Furanocoumarin

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Two furanocoumarin isomers

The furanocoumarins, or furocoumarins, are a class of organic chemical compounds produced by a variety of plants. They are biosynthesized partly through the phenylpropanoid pathway and the mevalonate pathway, which is biosynthesized by a coupling of dimethylallyl pyrophosphate (DMAPP) and 7-hydroxycoumarin (umbelliferone).

Structure[edit]

The chemical structure of furanocoumarins consists of a furan ring fused with coumarin. The furan may be fused in different ways producing several isomers. The compounds that form the core structure of the two most common isomers are psoralen and angelicin. Derivatives of these two core structures are referred to respectively as linear and angular furanocoumarins.[1]

Effects[edit]

Direct toxicity[edit]

Many furanocoumarin compounds are toxic. The phytochemicals enter the nucleus of epithelial cells and form a bond with the DNA, which causes the cells to die. As a result, the skin is unable to protect itself from sunlight, which leads to phytophotodermatitis, a serious skin inflammation.

Furanocoumarins are produced by plants as a defense mechanism against various types of predators ranging from insects to mammals.[2] The substances are found in the sap of plants such as the wild parsnip, the giant hogweed and related umbellifers. There are also reports of these chemicals in the species Dictamnus albus.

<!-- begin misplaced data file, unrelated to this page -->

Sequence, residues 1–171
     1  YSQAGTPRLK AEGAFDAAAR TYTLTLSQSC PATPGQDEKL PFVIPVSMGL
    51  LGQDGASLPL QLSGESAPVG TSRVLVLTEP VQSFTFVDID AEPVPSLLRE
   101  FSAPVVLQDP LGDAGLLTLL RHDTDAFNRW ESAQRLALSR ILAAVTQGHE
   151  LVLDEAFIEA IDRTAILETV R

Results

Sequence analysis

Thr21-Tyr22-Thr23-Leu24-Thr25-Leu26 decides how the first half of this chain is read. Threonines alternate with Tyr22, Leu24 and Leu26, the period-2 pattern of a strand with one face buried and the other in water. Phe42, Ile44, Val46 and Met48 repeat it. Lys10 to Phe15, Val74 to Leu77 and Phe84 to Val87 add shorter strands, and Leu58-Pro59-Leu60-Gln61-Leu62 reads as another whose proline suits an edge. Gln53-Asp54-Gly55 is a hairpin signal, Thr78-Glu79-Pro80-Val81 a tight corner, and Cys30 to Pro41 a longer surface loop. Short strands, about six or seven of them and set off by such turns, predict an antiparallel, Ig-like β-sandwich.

Medication interactions[edit]

Furanocoumarins have other biological effects as well. For example, in humans, bergamottin and 6',7'-dihydroxybergamottin are responsible for the "grapefruit juice effect", in which these furanocoumarins affect certain P450 liver and gut enzymes, such as the inhibition of CYP3A4 which either activates or deactivates many drugs, thus leading to higher or lower levels in the bloodstream.[3] Furanocoumarins have various effects which can specifically increase or decrease (depending on the drug) the blood levels of many pharmaceuticals in ways that can be life-threatening and so FDA approved drugs will include warnings for grapefruit.

References[edit]

  1. ^ IUPAC, Compendium of Chemical Terminology, 2nd ed. (the "Gold Book") (1997). Online corrected version:  (2006–) "furanocoumarins". IUPAC, Compendium of Chemical Terminology, 2nd ed. (the "Gold Book") (1997). Online corrected version:  (2006–) "furocoumarins".
  2. ^ Berenbaum, May (May 14, 2010). "Furanocoumarins as potent chemical defenses". 
  3. ^ Kakar, SM; Paine, MF; Stewart, PW; Watkins, PB (2004). "6',7'-Dihydroxybergamottin contributes to the grapefruit juice effect". Clinical Pharmacology and Therapeutics. 75 (6): 569–579. doi:10.1016/j.clpt.2004.02.007. PMID 15179411.